Why don’t we talk about value in healthcare? We have an understandable interest in ensuring that there is an objective quality to the services we provide but we seem to put less effort into looking at the value that services create.
In some ways it is understandable, we still see quality through the lens of classical economic theory. The attempt to commodify healthcare assumes that every episode of delivery is consistent, in terms of quality, therefore is received equally. This objective truth of quality is sound in theory, but we all know that it doesn’t stand up to the complexity of the people that come into contact with services.
This traditional view also tends to see value as purely an economic marker that is released as service delivery is consumed by patients. The challenge is that the economic value released by delivering a service is arbitrarily set and doesn’t take any account of the individual value experienced by patients. In fact, patients play an insignificant role in determining the economic value of episodes of contact.
The lack of consideration of what value is delivered through services means that we miss an excellent opportunity for service improvement.
Treatment is not something that can be done to people in the abstract. There is always a need for agreement in the way that treatment is delivered. The point where treatment and patients work together is the real point that value is created.
The economic framework of service-dominant logic provides us with a very different mindset to understand what value is in terms of healthcare. The theory, developed by Stephen Vargo and Robert Lusch attempts to get away from the idea of markets and the exchange of goods; instead of seeing all economic activity as an exchange of service within service ecosystems.
This model provides healthcare with an opportunity to see the quality in a very different way. The most striking element of service-dominant logic is the realisation that value is only co-created by everyone involved in the delivery of a service. This is something we all know to be true in health delivery. Treatment is not something that can be done to people in the abstract. There is always a need for agreement in the way that treatment is delivered. The point where treatment and patients work together is the real point that value is created.
Another axiom of service-dominant logic, that should resonate with people in healthcare, is that value is always unique, and phenomenologically determined by the beneficiary. We know that patients don’t want treatment for the sake of treatment. They want the change in their life situation that treatment will, hopefully, deliver. Therefore, the value of a treatment is co-created by the patient and health provider and will be unique in each case.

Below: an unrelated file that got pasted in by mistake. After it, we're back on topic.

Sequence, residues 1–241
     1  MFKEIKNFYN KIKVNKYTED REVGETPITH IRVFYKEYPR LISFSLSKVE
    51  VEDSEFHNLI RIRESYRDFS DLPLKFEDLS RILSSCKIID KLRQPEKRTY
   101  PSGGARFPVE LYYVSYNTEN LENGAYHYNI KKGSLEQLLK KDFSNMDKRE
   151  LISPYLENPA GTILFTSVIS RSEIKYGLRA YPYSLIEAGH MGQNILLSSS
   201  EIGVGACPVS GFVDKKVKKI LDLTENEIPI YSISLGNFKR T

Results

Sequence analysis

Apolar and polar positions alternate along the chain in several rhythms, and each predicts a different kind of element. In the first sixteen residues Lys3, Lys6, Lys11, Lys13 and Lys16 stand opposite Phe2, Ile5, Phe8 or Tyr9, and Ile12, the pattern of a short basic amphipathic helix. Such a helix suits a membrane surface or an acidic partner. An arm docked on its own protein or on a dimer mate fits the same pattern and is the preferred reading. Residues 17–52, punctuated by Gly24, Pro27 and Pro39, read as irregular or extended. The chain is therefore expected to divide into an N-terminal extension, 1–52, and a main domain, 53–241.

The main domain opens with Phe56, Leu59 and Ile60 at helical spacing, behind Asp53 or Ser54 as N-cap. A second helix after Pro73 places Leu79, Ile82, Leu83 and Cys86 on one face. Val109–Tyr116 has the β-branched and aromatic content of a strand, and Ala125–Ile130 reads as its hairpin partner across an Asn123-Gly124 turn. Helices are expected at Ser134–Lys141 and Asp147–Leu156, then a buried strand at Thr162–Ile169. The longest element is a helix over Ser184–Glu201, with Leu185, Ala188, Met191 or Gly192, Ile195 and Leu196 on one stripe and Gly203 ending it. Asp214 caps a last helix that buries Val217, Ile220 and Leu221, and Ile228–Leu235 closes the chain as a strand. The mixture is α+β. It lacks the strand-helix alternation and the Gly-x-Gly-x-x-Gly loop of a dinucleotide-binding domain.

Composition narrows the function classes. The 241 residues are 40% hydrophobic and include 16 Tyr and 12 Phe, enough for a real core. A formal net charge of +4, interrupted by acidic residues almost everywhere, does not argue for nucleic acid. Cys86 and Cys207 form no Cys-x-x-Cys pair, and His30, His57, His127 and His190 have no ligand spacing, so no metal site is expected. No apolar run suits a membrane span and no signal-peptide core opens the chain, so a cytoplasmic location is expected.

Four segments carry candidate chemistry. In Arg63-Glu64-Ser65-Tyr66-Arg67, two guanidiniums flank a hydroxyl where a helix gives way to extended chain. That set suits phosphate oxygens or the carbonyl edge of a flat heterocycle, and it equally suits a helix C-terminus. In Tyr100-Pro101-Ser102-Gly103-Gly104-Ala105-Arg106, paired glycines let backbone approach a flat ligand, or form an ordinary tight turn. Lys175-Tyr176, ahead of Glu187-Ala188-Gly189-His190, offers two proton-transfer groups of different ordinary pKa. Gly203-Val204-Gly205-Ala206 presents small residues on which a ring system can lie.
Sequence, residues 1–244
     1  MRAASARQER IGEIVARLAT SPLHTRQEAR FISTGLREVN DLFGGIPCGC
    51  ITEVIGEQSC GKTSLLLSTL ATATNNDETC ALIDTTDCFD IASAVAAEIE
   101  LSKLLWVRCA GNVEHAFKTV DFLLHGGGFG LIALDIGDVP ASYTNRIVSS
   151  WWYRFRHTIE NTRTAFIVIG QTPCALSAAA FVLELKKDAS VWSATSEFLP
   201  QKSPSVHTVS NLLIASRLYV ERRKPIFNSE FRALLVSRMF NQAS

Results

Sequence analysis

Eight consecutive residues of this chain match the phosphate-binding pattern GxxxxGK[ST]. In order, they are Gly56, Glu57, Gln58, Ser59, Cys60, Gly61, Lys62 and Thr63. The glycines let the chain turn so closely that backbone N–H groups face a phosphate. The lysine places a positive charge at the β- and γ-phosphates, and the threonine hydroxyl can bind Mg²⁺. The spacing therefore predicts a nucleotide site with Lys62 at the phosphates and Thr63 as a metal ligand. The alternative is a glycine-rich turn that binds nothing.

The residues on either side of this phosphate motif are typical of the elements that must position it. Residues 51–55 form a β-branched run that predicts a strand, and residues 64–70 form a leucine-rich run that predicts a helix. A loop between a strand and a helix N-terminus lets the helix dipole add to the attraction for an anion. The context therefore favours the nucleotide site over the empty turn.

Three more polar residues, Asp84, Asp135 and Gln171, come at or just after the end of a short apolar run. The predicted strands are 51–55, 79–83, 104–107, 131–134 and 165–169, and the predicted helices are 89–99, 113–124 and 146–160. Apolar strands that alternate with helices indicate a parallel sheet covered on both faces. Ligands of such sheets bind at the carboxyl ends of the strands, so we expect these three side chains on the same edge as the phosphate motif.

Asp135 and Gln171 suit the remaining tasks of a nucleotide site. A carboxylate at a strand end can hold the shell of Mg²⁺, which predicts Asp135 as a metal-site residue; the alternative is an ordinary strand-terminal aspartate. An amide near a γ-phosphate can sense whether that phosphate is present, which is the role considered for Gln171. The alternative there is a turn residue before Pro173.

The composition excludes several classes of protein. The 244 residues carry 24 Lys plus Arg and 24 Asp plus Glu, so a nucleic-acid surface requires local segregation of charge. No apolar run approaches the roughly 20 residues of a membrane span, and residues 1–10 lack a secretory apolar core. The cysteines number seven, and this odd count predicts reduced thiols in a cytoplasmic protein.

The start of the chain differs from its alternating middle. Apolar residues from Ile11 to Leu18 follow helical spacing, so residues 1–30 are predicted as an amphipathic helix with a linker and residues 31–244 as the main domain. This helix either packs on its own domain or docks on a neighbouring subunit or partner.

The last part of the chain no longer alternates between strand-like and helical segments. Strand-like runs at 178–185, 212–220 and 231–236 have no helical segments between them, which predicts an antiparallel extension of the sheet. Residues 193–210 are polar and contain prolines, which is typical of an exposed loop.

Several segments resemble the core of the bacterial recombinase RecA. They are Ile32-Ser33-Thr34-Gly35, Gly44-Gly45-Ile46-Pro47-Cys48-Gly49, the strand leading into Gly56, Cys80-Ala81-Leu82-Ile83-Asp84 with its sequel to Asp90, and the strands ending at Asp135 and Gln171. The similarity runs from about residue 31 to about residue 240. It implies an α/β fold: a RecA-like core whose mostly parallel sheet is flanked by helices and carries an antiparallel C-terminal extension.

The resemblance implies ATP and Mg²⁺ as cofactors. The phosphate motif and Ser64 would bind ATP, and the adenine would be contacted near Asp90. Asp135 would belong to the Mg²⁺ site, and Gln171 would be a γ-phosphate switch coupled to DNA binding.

Recognising the key role of co-created value highlights the benefits of a collaborative system.
Although this might seem like an interesting philosophical position to take, it also has practical benefits. By recognising how value works in service delivery we begin to build a more constructive relationship with patients. Because outcomes can never be anticipated, the change in value realised by beneficiaries provides a basis for learning. This is the key to building learning competency.
Recognising the key role of co-created value highlights the benefits of a collaborative system. Collaboration improves viability. Because increased communication highlights errors which can be learned from, therefore increasing efficiency.
We know that rapid changes in structures of society, demographics, ethnography and technology mean that what we understand about patients quickly becomes outdated. The first practical step we should take is to recognise that all services are only as good as the value proposition they make. When designing new services do, we really understand what it is that patients want to achieve? Do we understand what the core activities are (jobs to be done) that have caused patients to accept the value proposition offered?
This understanding cuts to the very centre of many of our most intractable health care issues. What is it about the value proposition that is offered by A&E that makes it more readily accepted than alternatives? What is the value proposition of public health? Do we miss an opportunity to influence healthy behaviours because we do not understand the value that people want to realise?
Generally, we don’t get a lot of opportunities to think about the motivation behind why people use services because the assumption is they need to in order to “get better.”
Simple value proposition activities can provide you with an opportunity to better understand the nature of the service you provide and help you to think about why people use it. This, in turn, helps to clarify whether or not you really are co-creating value.
As we better understand the value we create we also recognise that the safe delivery of that value is the true measure of quality. I would really like to hear from anyone that is interested in helping us co-create some value – send me an email if you’d like to find out more.